Brad Pitt graces the cover of Wired Magazine's August issue, which just arrived in my morning mail. (The mag hits newstands July 21, and will post on Wired.com Thursday night after E.T.'s broadcast break.) He's frowning at wearing a bluetooth headset, and the coverline reads "With advice from Inglourious Basterd Brad Pitt"---about all the mention his new movie receives in the magazine.
That's because Wired doesn't tend to sell magazines with movie stars. Truth is, with Premiere gone, there aren't many classy monthly magazine covers left for male stars of Pitt's stature. And he's already done the good ones. Tabloids like People, Us and In Touch have taken over the supermarket racks. Old media moguls like Tina Brown and Bonnie Fuller are jumping into the online fray. (Tabloid queen Fuller is joining Mail.com owner Jay Penske's HollywoodLife.com.) Gone are the days when uber-press agents like Pat Kingsley batted off cover requests like flies while demanding deal terms like photographer and writer approval. Pitt doesn't even pay a PR rep anymore.
So what's a matinee idol to do? Several months ago, Pitt had his agency CAA call Wired--Conde Nast's tech-savvy mag with a growing circulation of about 700,000 readers, predominantly male--and suggest him for the cover. Neil Patrick Harris had just turned the magazine down. After much back and forth, Wired confirmed that Pitt really did want to be on their August cover.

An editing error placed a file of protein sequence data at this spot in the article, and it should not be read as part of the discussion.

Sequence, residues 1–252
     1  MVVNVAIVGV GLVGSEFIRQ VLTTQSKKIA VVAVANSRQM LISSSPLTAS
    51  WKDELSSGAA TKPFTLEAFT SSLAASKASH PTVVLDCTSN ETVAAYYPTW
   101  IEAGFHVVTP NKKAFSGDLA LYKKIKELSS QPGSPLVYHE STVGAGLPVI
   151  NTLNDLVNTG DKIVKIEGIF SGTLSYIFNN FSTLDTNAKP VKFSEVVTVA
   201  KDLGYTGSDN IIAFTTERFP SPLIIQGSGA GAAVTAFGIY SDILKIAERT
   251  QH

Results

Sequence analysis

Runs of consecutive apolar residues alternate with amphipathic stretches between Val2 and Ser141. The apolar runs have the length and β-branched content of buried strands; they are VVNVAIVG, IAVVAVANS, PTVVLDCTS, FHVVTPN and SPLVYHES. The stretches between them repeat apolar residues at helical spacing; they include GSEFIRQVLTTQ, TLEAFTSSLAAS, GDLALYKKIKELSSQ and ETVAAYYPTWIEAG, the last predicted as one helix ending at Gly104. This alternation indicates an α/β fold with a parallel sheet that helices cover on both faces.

The magazine was interested in fitting him into their August package "New Rules for Digital Gentlemen and Other Highly Evolved Humans," but he had to meet their specific needs. In the end, he did it their way. Pitt turned up at L.A.'s Smashbox Studios alone, sans entourage, for a photo shoot with Dan Winters. He was interviewed for the cover story about bathroom text and phone etiquette and offered some advice to Twitter King Ashton Kutcher about posting pictures of his wife's butt, among other things. His cover pull quote is delicious: "Who cares if your Warcraft wife is really a dude. If it's good, don't check under the hood."
This change in star behavior is indicative of an overall sea change in Hollywood. Talking about her plans for Hollywood Life, Fuller told the NYT that celebrity is "not just about movie stars any more." As studios slash budgets, they are reevaluating what stars are worth. That measurement used to be about opening movies: you paid a major star $20 million to put audience butts in seats. All that is clearly not working any more, as robots, reboots and animated characters are selling better this summer than the likes of Eddie Murphy, Will Ferrell and Christian Bale. I see smart star Pitt, 45, recognizing that a cool cover on a cool magazine might sell some tickets to his Quentin Tarantino World War II flick this August. Therefore it was worth chasing--and then going with the flow.
Meanwhile, Wired discovered the advantages of publicizing a cover--in this celeb-crazed internet age--with a star of Pitt's caliber. Besides People and E.T., they nabbed coverage from Perez Hilton, MTV: Hollywood Crush, Us Magazine, PopSugar, X17 Online, The Post Chronicle, Hampton Roads, The Frisky, Towleroad and Kansas City Star.